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The Medical Device "Plug-and-Play" (MD PnP) Interoperability Program is promoting innovation in patient safety and clinical care by leading the adoption of patient-centric integration of medical devices and IT systems in clinical environments.

 

Medical Device "Plug-and-Play" Interoperability Program
working on "safe interoperabilityTM" to improve patient safety

NOTICE: We are hiring engineers. Contact us for more information

QUICK LINKS

> MD PnP White Paper
> ICE Standard (ASTM F2761)
MD FIRE RFI & RFP 
QMDI Project
> Program Leadership
> Upcoming Events

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BECOME A MEMBER 

Benefits of Membership
Membership Application

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CONTACT INFORMATION

MD PnP Program
65 Landsdowne St., Suite 200
Cambridge, MA 02139
info@mdpnp.org

Julian M. Goldman, MD
Program Director
jgoldman@mdpnp.org

Diana Lu

Program Manager
dilu@mdpnp.org

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NEWS

11/6/2014 - Demonstration of Ebola response work by MD PnP and collaborators. Press coverage from the Boston Globe and WCBV

9/29-30/2014 -
MD PnP participates in Global City Teams Challenge: SmartAmerica Round 2 at NIST

6/11/2014 - White House hosts SmartAmerica Expo,
MD PnP demonstrates Closed-Loop Healthcare scenario & announces App Challenge 

6/3/2014 - MD PnP & ViTel Net collaborate
to support SmartAmerica Challenge

5/14/2014 - Pre-submission supplement for an Integrated Medical Device System publicly available


3/18-20/2014 - MD PnP Lab hosts a hackathon for the SmartAmerica Challenge group, Closed-Loop Healthcare: From Home to Hospital to Home 

> MORE NEWS
Please join us!

 Lectures & technical discussions with the
MD PnP Team & visiting scholars
from Georgetown University.
Each 25-minute talk will be followed by a ten-minute Q&A.
A light lunch will be served.


Tuesday, December 16th
12:00 PM – 3:00 PM

65 Landsdowne Street, Cambridge, MA 02139
Conference Room 103A
Space is limited! Please RSVP to alenco@partners.org by Monday if you plan to attend



 Agenda

12:00 PM

Overview of MGH MD PnP Program

Julian Goldman, M.D., MD PnP Program Director

12:35 PM

In-home Medical Sensing Devices & Architecture Recommendations to Improve Outpatient Management of Patients with Congestive Heart Failure

John Steitz, A.B., J.D., Georgetown University Candidate for MTM, December 2014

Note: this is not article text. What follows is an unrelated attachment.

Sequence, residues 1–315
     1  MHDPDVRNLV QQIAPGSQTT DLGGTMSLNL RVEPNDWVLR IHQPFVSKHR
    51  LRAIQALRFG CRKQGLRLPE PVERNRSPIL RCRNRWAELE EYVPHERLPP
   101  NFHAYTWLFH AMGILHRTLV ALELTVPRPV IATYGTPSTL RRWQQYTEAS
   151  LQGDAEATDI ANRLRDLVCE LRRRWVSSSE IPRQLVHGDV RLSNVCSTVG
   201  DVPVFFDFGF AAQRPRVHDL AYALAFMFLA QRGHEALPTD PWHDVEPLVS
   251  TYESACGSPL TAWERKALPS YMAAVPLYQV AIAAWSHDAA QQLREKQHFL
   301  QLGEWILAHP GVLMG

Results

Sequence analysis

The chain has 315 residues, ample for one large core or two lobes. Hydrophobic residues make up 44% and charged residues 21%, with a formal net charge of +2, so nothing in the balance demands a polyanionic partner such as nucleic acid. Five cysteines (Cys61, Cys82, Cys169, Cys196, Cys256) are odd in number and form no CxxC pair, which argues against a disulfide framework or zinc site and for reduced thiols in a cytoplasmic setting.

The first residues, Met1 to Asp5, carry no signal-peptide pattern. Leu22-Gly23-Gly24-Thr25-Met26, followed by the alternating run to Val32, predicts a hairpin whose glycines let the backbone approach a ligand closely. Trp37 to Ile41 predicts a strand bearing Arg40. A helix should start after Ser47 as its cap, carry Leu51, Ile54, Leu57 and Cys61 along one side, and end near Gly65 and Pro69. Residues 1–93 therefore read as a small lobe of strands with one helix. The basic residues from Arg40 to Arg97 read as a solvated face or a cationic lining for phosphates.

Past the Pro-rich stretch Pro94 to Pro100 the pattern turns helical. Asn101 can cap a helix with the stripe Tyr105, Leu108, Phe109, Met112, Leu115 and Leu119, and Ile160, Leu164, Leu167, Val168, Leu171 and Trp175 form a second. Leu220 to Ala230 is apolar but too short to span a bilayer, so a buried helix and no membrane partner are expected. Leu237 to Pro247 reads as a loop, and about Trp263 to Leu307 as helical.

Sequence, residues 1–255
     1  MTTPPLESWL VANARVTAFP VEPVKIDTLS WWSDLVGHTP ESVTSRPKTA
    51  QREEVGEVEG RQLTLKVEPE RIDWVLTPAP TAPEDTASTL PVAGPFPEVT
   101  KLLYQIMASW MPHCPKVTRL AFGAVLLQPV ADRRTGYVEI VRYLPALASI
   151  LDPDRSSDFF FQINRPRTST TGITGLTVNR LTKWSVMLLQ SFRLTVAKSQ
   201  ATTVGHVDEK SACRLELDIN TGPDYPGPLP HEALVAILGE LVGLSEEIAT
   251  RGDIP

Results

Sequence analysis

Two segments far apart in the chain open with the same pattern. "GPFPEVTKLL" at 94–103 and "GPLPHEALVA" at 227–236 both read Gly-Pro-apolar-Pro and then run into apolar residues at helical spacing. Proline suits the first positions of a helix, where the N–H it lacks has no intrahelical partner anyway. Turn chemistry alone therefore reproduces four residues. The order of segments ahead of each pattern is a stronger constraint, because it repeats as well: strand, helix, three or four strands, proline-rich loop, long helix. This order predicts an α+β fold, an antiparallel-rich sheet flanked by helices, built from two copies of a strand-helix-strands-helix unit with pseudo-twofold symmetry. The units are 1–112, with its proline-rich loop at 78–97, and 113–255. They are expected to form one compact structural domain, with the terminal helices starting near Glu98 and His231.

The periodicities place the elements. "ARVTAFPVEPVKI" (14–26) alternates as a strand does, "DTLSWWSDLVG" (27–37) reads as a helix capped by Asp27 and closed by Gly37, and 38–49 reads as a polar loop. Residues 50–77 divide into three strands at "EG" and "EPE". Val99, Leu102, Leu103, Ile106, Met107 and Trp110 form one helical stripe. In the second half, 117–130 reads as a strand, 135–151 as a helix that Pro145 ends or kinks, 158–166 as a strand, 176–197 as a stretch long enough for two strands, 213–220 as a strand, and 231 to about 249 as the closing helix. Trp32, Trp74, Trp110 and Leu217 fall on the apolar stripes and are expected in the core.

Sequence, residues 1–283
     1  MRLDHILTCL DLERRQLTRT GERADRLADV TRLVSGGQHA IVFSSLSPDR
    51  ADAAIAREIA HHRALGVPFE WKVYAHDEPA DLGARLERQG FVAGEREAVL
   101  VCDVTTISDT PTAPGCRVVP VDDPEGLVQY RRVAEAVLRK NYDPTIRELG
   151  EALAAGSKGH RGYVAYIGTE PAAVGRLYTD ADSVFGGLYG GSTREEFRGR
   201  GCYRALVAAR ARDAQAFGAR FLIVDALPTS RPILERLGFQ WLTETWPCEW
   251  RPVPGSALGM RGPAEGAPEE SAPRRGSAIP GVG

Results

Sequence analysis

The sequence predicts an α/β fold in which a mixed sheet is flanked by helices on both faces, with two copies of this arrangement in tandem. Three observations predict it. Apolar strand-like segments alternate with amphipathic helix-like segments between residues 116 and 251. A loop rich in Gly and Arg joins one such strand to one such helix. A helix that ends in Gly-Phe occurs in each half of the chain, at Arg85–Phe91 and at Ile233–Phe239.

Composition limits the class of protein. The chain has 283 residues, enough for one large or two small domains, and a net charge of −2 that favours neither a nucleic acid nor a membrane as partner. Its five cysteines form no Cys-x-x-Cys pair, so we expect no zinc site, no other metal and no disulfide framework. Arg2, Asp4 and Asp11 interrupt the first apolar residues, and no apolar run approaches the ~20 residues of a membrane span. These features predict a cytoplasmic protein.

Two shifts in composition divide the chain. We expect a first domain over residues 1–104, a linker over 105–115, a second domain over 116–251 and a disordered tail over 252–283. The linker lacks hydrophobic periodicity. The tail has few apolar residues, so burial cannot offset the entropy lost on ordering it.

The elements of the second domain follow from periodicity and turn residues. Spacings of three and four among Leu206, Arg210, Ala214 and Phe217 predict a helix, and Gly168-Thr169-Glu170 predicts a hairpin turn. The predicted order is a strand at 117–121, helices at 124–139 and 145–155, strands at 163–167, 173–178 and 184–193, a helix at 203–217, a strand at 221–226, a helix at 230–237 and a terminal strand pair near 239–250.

1:10 PM

Usability of home medical devices for Duchenne Muscular Dystrophy

Kayode Ogunsiakan, B.S.N., R.N., Georgetown University Candidate for MTM, December 2014

1:45 PM

Open Source Interoperability: A Technical Review of OpenICE and DDS

Jeff Peterson, MD PnP Clinical Engineer

2:25 PM

Tour of the MD PnP Lab
































The Problem:
 
How can we better use medical devices to improve the safety of medical care?

Medical devices are essential to the practice of modern medicine. Clinical measurements such as blood pressure and temperature, x-ray and ultrasound imaging, administration of intravenous medications, and support of critical life functions all require medical devices. However, despite our reliance on sophisticated medical equipment, most devices are not designed to interconnect with other devices. Therefore, it is difficult to connect individual devices into integrated medical systems to improve patient care and avoid unnecessary accidents.

The Answer: Facilitate the adoption of open standards and interoperable technologies to integrate clinical environments.
 
OR of the Future at MGHThe Medical Device “Plug-and-Play” (MD PnP) Interoperability Program is accelerating the adoption of medical device interoperability to enable the creation of complete and accurate electronic health records and the cost-effective development of innovative third-party medical “apps” for diagnosis, treatment, research, safety and quality improvements, equipment management, and adverse event detection and reporting when using networked medical devices for clinical care.

Our team is working to develop sharable databases, tools, and applications that will enable a broader community of researchers and manufacturers to implement medical device interoperability. We have taken a multi-faceted approach to reduce key barriers to achieving interoperability, including:
  • Development and support of suitable open standards (e.g. ASTM F2761, Integrated Clinical Environment, or “ICE”)
  • Elicitation, analysis, and modeling of clinical use cases and system engineering requirements for an open architecture instantiation of ICE as a platform and “ecosystem”
  • Alignment of clinical, manufacturer, and FDA regulatory expectations
  • Implementation of prototype use cases in an open “sandbox” environment